Have you ever wanted to build a robot that interacts with Twitter, a banana piano, or your own wearable electronics project? NCSU Libraries checks out two electronics kits, the SparkFun Arduino-based Inventor's Kit, and the MaKey MaKey, that make it easy for anyone to create interactions between the physical world and computers. Recent innovations around Internet-connected Smart Home technology, smartwatches, and many other interactive systems have become possible because of inexpensive, easy-to-use microcontrollers such as Arduino , says Brendan O'Connell, NCSU Library Fellow. I'm very excited that it's easier than ever for our students, faculty, and staff to experiment with these technologies for free through the Libraries' Technology Lending Program .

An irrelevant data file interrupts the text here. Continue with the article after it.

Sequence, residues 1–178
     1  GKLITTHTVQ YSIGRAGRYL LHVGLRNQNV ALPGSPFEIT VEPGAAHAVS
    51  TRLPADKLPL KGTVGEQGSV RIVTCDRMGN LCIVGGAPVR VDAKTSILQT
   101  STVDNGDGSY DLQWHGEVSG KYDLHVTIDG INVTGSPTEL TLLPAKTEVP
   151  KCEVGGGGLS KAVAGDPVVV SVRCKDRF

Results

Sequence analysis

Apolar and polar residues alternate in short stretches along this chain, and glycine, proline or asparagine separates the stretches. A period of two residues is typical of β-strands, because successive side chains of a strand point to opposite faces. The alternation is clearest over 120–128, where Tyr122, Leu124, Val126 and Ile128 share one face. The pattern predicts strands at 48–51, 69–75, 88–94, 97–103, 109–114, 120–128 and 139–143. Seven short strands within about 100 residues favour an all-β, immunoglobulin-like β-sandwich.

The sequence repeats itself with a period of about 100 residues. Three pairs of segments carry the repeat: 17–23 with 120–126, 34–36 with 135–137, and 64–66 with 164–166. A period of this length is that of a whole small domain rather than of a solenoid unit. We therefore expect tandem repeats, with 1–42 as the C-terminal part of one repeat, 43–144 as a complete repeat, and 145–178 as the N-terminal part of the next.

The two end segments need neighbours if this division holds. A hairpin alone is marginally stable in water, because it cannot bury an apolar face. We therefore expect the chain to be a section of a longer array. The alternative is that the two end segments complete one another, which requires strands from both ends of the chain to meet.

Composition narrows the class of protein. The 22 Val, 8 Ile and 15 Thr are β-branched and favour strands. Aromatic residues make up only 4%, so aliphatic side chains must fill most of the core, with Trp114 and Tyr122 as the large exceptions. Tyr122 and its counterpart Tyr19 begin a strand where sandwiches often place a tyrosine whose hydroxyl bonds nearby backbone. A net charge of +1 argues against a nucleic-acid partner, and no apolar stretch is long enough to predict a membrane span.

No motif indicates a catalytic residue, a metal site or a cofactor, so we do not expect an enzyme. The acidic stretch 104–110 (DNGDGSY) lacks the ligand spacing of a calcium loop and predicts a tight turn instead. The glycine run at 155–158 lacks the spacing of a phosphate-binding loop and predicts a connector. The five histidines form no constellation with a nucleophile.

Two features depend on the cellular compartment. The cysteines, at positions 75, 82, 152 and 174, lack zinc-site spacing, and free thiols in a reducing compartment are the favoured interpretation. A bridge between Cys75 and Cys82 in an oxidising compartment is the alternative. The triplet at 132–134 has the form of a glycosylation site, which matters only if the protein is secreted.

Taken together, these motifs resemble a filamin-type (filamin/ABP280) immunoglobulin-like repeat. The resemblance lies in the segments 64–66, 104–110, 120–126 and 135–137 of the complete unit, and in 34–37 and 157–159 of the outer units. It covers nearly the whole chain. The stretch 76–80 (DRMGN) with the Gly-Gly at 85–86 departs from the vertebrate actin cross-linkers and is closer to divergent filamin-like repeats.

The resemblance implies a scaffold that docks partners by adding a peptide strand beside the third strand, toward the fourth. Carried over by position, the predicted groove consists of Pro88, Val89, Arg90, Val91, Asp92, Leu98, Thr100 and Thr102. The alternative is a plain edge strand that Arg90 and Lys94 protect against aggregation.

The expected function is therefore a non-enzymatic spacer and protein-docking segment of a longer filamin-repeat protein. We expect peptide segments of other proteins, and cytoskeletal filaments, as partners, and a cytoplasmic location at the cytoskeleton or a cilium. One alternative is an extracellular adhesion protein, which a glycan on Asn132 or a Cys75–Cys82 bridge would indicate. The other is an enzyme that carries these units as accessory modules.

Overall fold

Two workshops on Arduino will be offered at Hunt Library to NCSU faculty, staff, students, and the general public on March 28th as part of THATCamp RTP, a free one-day unconference on technology, humanities, social sciences, arts, and libraries. Registrants will be able to experiment with building circuits and developing code with Arduino, and develop their own interactive creative projects as part of the workshops. No coding, programming, or electronics experience is required for participation.